Despite being over 30-years-old, and therefore predating public internet access, it turns out that the original Nintendo Entertainment System (NES) has actually been capable of connecting to the internet the whole time. All it takes is a “modem” and a little bit of hacking, courtesy of Femicom Museum founder and serial videogame tinkerer Rachel Simone Weil.
Dubbed ConnectedNes, Weil’s hack brings the NES online in three easy steps. First, it takes a Particle Photon Wifi development kit and hacks it together with bits of a NES controller, then plugs it into a standard NES controller port. Because the kit (which Weil has nicknamed a modem) transfers data using the same binary bits system as a controller, the machine can then read its output as if it were a normal NES controller.
Second, a server running on a separate device parses through services such as Twitter for tweets containing certain keywords and then wirelessly transfers them over to the modem. Third, the data is run through a custom ROM—or game file—that allows the machine to process and display the information on screen.
— Rachel Simone Weil (@partytimeHXLNT) May 9, 2016
The result is a 1983 game console capable of reading tweets just as well as a smartphone, albeit with classic 8-bit flair instead of trendy web 2.0 design. Perhaps more interestingly, it can then incorporate online data into standard NES games. All you need is a custom cartridge with one of Weil’s ROMs on it.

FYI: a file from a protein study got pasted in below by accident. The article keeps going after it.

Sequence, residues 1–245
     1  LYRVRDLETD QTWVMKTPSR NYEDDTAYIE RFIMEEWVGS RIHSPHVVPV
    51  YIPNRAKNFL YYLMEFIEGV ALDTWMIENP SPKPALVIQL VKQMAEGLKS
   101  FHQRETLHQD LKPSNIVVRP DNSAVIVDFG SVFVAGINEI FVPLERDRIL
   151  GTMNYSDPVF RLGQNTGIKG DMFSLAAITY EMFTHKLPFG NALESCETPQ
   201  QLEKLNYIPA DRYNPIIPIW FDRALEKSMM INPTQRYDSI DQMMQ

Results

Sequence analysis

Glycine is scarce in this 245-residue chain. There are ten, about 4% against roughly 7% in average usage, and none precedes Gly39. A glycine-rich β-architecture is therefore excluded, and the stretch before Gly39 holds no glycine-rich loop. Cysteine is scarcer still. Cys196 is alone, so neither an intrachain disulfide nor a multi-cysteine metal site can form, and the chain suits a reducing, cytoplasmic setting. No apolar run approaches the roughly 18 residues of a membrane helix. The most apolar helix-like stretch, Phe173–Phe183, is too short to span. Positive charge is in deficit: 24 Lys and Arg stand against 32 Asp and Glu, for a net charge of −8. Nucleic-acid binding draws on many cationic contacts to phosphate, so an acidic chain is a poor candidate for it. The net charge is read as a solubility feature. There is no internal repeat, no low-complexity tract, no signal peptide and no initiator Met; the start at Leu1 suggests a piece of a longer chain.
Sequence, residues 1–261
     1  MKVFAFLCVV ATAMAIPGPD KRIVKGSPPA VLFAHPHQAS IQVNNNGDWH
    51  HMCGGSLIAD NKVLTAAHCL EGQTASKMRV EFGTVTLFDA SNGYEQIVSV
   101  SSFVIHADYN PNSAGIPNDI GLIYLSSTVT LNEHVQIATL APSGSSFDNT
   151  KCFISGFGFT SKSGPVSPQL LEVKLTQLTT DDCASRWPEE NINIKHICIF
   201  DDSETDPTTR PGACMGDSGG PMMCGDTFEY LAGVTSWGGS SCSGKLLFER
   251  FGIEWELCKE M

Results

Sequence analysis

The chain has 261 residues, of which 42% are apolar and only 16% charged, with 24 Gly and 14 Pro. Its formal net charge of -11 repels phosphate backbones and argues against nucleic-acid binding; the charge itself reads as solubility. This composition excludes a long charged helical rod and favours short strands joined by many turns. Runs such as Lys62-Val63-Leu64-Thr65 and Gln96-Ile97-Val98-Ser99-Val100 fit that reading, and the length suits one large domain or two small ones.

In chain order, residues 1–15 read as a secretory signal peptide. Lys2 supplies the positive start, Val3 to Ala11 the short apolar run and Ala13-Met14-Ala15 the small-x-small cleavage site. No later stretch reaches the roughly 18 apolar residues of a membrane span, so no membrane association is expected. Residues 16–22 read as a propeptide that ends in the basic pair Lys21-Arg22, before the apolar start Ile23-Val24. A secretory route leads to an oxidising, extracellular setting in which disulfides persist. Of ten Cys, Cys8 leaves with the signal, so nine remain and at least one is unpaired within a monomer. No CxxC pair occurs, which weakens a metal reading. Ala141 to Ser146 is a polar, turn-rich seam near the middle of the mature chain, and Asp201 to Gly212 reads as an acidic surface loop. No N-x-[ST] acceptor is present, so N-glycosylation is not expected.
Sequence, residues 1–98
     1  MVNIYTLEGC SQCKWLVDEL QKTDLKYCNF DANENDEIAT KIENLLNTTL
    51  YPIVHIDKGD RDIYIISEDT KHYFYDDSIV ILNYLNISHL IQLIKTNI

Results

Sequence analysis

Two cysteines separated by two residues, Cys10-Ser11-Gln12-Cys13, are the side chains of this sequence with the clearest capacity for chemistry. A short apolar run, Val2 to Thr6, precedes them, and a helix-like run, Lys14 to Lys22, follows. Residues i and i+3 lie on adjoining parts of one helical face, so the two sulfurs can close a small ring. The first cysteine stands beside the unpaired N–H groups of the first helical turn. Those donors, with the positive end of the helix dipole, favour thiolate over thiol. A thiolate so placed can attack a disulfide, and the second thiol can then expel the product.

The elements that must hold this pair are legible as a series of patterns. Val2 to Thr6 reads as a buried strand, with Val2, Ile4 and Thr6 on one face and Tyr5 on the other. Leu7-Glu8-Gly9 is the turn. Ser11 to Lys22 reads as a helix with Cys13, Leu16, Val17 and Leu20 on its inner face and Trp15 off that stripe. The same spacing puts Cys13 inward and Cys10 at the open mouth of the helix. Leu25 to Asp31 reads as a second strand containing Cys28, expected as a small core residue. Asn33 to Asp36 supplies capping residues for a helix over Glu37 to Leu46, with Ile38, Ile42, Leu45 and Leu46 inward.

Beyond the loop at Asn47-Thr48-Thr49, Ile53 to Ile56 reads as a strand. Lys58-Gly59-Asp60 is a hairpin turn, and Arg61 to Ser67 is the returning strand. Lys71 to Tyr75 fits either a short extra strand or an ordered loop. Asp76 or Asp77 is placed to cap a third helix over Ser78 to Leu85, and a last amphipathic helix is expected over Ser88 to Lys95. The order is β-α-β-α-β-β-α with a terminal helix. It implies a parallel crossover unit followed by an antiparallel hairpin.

So far, Weil’s built two ROMs for the device. The first, also called ConnectedNes, simply allows the machine to display tweets, complete with a colorful pixel art style and balloons floating by in the background. The second, Social Media Bros, is a hack of the original Super Mario Bros. (1985) that displays a new Twitter notification every time you step on a Goomba. Currently, the device is limited to Twitter, but Weil hopes to expand it to include other services in the future and turn it into “a true platform that anyone can use!”
For those looking to bring their NES into the information age, you can find the code behind the device over on Weil’s Github. As for the hardware, Weil is planning to post detailed tutorials on how to build it soon, but a simple description of the process is currently available over on her site. For those without a NES, Weil’s ROMs will work in an emulator, though she doubts if the same is true for the modem, as it would have to be connected to a PC using a USB adapter.
To learn more, visit Weil’s site.